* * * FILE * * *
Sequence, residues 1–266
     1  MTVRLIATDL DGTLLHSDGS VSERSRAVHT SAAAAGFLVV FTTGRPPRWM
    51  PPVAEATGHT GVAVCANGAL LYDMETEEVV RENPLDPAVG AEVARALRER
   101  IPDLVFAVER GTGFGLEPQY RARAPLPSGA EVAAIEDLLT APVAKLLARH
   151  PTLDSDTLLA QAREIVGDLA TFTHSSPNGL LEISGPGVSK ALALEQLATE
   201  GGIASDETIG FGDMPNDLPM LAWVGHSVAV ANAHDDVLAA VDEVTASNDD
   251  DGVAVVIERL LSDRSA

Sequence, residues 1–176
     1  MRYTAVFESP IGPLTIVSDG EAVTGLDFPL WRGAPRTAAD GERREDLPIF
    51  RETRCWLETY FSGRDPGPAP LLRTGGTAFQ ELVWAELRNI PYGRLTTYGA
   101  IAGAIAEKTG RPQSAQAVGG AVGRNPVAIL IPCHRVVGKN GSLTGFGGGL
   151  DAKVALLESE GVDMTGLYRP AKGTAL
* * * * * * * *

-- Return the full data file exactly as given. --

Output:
Sequence, residues 1–266
     1  MTVRLIATDL DGTLLHSDGS VSERSRAVHT SAAAAGFLVV FTTGRPPRWM
    51  PPVAEATGHT GVAVCANGAL LYDMETEEVV RENPLDPAVG AEVARALRER
   101  IPDLVFAVER GTGFGLEPQY RARAPLPSGA EVAAIEDLLT APVAKLLARH
   151  PTLDSDTLLA QAREIVGDLA TFTHSSPNGL LEISGPGVSK ALALEQLATE
   201  GGIASDETIG FGDMPNDLPM LAWVGHSVAV ANAHDDVLAA VDEVTASNDD
   251  DGVAVVIERL LSDRSA

Sequence, residues 1–176
     1  MRYTAVFESP IGPLTIVSDG EAVTGLDFPL WRGAPRTAAD GERREDLPIF
    51  RETRCWLETY FSGRDPGPAP LLRTGGTAFQ ELVWAELRNI PYGRLTTYGA
   101  IAGAIAEKTG RPQSAQAVGG AVGRNPVAIL IPCHRVVGKN GSLTGFGGGL
   151  DAKVALLESE GVDMTGLYRP AKGTAL